The thing is, from my position now, I am grateful for every single one of those nos. Those nos made me really focus on what was important to me and brought clarity to my thinking. Those nos taught me more about the barriers and attitudes that weren’t openly discussed and the occasional prejudice than hearing a yes ever could. Those nos made me smarter by teaching me how to work around barriers and to be a more strategic thinker, which has benefits elsewhere. Those nos were sometimes what I needed to light a fire under me and make me decide to prove others wrong in order to really achieve change, not just for myself but for those following me.
The other thing that those nos taught me is to differentiate when a no is really a ‘not yet’. This has been a crucial life skill for me - sometimes my enthusiasm drives me forward at pace, and there are some times in life when actually slowing down means that you will get more benefit from the process/experience. Sometimes, a ‘not yet’ means that you will be better able to do the task when you reach your destination. Being able to know when no means no is sometimes the most useful skill in any interaction.
Instability can sometimes help you thrive
I was at GOSH for over 13 years before my temporary contract became a permanent job, and even then it only occurred because of a HR error when I transitioned from my PhD contract back onto a GOSH one. That instability caused me huge levels of stress, the uncertainty of whether I would have a job from one year to the next, or where I would end up if something I loved so much just disappeared.
It meant that I seized every opportunity that came to me, as I didn’t know which networks would be important for my future or if I would ever have an opportunity presented to me again. I took exams early or in a very planned way in order to ensure that future pathways and options were not closed off to me, as I could never know when I might need them.
Now, don’t get me wrong, all of this meant that I overcommitted and worked waaaaay harder than I might otherwise have. It meant that, at one point, I didn’t have a weekend off for three years.
It has also meant that I have the career that I have now. Sitting on my laurels and becoming comfortable was never an option. Saying no to others was never really an option, as you never knew if you would need their support in the future. This has meant that the breadth of experiences I’ve been able to access has been wonderful. It also means that I know find myself as a Consultant, having maintained an interest in research and in education, both of which mean so much to me. I have gone above and beyond to ensure I could maintain all three.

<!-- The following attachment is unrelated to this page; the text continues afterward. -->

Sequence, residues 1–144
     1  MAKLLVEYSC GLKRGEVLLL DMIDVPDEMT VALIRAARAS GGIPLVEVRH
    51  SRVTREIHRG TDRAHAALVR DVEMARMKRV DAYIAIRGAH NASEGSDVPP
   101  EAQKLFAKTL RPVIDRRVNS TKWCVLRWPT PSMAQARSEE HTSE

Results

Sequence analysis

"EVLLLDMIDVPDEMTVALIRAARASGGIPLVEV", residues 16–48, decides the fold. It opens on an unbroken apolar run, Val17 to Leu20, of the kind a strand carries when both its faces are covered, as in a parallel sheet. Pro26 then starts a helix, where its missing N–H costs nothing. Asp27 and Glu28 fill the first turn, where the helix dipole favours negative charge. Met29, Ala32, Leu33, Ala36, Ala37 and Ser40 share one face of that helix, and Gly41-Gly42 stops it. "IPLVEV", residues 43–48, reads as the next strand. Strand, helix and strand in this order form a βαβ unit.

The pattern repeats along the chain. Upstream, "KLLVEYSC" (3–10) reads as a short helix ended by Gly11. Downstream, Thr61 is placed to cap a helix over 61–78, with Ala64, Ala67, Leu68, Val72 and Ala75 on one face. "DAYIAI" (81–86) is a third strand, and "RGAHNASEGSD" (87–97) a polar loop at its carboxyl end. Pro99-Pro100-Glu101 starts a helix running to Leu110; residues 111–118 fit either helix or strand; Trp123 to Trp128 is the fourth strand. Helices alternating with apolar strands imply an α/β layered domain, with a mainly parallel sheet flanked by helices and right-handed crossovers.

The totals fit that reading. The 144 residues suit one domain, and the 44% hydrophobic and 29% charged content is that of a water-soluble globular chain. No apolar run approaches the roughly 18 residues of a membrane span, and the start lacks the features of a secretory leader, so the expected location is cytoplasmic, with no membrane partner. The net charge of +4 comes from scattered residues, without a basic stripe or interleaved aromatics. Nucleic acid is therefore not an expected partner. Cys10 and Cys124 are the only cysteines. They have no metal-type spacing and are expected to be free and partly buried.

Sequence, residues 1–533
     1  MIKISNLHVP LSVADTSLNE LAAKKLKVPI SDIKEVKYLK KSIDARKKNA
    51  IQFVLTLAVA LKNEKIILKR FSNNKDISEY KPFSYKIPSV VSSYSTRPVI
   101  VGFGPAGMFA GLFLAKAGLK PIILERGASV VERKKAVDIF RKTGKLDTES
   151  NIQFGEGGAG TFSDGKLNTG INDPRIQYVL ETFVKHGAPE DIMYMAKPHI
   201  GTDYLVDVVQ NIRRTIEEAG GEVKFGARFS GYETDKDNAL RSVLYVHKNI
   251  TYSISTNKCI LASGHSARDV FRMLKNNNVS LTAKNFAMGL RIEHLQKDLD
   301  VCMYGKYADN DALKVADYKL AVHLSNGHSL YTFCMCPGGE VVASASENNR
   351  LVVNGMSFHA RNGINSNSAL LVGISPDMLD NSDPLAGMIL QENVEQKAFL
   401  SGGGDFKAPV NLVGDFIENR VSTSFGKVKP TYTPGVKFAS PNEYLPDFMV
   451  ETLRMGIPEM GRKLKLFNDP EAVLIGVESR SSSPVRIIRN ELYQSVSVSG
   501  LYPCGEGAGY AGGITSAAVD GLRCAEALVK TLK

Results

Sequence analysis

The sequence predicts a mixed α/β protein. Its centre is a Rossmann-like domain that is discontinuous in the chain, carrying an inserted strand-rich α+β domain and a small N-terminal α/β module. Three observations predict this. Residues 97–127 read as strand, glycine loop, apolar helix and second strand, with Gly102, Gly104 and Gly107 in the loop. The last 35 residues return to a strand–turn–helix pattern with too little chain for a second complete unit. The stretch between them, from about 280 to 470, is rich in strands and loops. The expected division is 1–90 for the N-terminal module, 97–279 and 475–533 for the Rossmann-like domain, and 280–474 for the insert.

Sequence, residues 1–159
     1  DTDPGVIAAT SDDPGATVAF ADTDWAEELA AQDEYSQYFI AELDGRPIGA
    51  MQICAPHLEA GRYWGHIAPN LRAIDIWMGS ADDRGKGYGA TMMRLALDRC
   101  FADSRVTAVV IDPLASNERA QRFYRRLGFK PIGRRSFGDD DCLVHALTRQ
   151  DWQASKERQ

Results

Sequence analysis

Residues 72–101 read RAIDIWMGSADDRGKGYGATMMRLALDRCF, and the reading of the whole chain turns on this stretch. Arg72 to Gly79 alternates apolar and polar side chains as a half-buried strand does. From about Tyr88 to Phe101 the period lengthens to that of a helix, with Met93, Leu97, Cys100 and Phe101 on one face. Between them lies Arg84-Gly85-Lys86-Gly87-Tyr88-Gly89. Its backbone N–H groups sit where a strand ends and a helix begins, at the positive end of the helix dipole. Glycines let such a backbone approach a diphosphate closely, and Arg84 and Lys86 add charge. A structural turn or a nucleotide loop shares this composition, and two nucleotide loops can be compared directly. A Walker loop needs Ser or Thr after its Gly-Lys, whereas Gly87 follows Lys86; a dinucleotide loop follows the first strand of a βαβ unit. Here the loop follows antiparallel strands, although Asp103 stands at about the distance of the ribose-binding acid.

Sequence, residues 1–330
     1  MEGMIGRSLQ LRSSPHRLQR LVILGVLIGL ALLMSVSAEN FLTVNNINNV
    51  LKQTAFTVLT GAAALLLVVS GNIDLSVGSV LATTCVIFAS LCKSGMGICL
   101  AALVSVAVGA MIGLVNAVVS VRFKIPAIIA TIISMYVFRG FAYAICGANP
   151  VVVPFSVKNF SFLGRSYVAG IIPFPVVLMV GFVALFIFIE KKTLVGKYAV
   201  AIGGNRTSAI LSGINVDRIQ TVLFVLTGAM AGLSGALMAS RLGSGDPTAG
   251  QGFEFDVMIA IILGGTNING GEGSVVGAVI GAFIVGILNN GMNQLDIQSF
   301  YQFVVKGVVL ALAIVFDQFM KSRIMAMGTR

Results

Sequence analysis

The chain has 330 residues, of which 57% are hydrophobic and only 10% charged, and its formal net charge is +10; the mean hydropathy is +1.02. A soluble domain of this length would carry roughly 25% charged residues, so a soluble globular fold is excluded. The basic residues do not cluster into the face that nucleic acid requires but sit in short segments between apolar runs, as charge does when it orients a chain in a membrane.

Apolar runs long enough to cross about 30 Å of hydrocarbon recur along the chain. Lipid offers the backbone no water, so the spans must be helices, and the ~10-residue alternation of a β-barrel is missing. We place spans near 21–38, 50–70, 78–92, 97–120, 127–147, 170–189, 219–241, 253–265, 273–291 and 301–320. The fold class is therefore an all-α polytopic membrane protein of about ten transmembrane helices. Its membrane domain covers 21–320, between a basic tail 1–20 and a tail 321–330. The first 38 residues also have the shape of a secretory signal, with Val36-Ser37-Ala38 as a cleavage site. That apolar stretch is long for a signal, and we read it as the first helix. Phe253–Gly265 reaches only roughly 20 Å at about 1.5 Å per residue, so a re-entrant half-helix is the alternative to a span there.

I sometimes think that if I had had a permanent band 7 or even band 6 post, then that is where I might have stayed, instead I have a job that challenges me every day to be better and I continue to have access to a diverse portfolio of things that inspire me and bring me joy. And finally, a job that is permanent and in a field that I love. So that instability may have been worth it and the driver I needed to get to my dream job.
Some days the only way is through
I’m writing this whilst feeling pretty dire - I’m still post COVID and struggling with the day-to-day. I am however still working and still functioning. I have posted before about some of the health challenges I live with on a day-to-day basis - none of them are massively severe but they do impact how easy I sometimes find life.
It’s sometimes easy, when it takes me this long to recover from something, to feel down about it. Instead I’d like to say that there is an upside. I spend a lot of time focussing on the end goal and pushing through when I feel tired or unwell - it’s a regular life event for me.
This means that I have developed the skill of being able to become incredibly focused in order to get something done. If I say I will deliver, I will deliver, come hell or high water - short of incapacitation I will deliver on my word. Without it, I wouldn’t have managed to sit my GCSEs, I wouldn’t have been able to manage at university, and I certainly wouldn’t have completed my Clinical Scientist training.
Now, sometimes I admit that I take this too far, and sometimes it means that I don’t take the rest I need or tap out when I should. It does mean, however, that if push comes to shove, I am able to just push through and make things happen. This is something that has been invaluable in delivering in a world where I have a tendency to over-commit, and it’s led to me being able to deliver on things like this blog, which means so much to me. So, although it may not always be the healthiest trait, it is a trait that I see the value in and am grateful to have developed.
There are so many times in life when all we can see is the gloom and the dark clouds on the horizon. It is often difficult to find the distance emotionally or the time to really put some of our challenges into context and to see all that they bring to us as individuals, the good and the bad. We may sometimes be broken, but that does not make us less beautiful. In fact, sometimes, the fires that forge us enable us to emerge as truer versions of ourselves than we may otherwise have been.
So if you are still surrounded by the flames hang in there, there will be a time when you too can look at your past and see it as the source of your strength rather than the thing that was trying to break your spirit.
This article is reprinted from the GirlyMicro blog, with kind permission of the author.